Thursday, December 3, 2009

Why a morality? (first part)

In order to have a principle of stable and responsible life protecting us as much as possible from interior and exterior conflicts, and from corporal deterioration, this by accepting the limits of the human nature, what is supposed to help us to go at the most possible good. But it is true that the experiences of each one allow a different interpretation of a simple principle like usefulness and fairness, it has to be then that following the most common experiences of a civilization, even of humanity, we can pose some rules allowing us to live together a minimum, knowing that this will not avoid all the discords which can come from different experiences or interpretations between the persons of a same civilization or between different civilizations, but will be able all the same at least to minimize these if it is possible ; these common rules have to respect the good that each one can bring following one’s skills, thus the less intelligent ones, and/or cultivated, and/or positively experienced have to understand that the solution in order to be less vicious is not to generalize vice because this attacks too much the bests ; and that they cannot put the life of others in danger like tyrants, this because of the weakness of the human judgment and of the importance of this action, though life has not got the same value for everybody...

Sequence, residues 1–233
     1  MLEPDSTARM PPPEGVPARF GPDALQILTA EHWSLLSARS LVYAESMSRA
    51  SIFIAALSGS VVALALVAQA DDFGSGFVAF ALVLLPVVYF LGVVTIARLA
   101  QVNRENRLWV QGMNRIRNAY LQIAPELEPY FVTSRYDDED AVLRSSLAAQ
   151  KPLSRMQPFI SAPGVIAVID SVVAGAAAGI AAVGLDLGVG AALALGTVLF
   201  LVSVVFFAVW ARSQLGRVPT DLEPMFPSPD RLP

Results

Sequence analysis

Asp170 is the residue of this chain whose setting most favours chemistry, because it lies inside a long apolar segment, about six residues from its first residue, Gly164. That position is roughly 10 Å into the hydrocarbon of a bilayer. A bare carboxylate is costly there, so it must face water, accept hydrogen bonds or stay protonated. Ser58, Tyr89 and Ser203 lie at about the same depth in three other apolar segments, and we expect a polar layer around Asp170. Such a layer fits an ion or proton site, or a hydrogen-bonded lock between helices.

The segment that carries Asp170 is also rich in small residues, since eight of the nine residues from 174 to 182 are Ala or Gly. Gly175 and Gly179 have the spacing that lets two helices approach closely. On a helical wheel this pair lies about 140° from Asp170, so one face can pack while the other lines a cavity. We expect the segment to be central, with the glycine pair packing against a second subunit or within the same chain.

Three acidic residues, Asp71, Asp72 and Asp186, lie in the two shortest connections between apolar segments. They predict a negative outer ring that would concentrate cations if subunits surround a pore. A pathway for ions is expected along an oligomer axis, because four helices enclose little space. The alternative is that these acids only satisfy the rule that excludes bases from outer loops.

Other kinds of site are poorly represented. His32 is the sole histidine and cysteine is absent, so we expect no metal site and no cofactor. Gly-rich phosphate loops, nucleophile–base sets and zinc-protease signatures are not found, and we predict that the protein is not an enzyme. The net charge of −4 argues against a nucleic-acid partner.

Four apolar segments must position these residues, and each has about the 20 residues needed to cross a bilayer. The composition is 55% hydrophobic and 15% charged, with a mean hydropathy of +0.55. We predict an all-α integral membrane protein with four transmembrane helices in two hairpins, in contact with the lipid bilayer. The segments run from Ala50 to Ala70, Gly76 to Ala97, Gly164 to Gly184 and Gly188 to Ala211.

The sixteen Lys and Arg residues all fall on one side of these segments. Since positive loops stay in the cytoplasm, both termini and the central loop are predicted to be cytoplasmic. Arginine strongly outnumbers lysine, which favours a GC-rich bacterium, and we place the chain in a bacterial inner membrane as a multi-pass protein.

3 comments:

Joseph Smidt said...

Interesting. Do you have a favorite philosopher?

Cartesian said...

I like Descartes in sciences, but for morality if he has done a bit, there is more with some others like Montesquieu or Rousseau. Otherwise I find interesting "Democracy in America" by de Tocqueville. But may be you know a good American one, that you can recommend to me?

Cartesian said...

P.-S. : Excuse me I did forget Locke.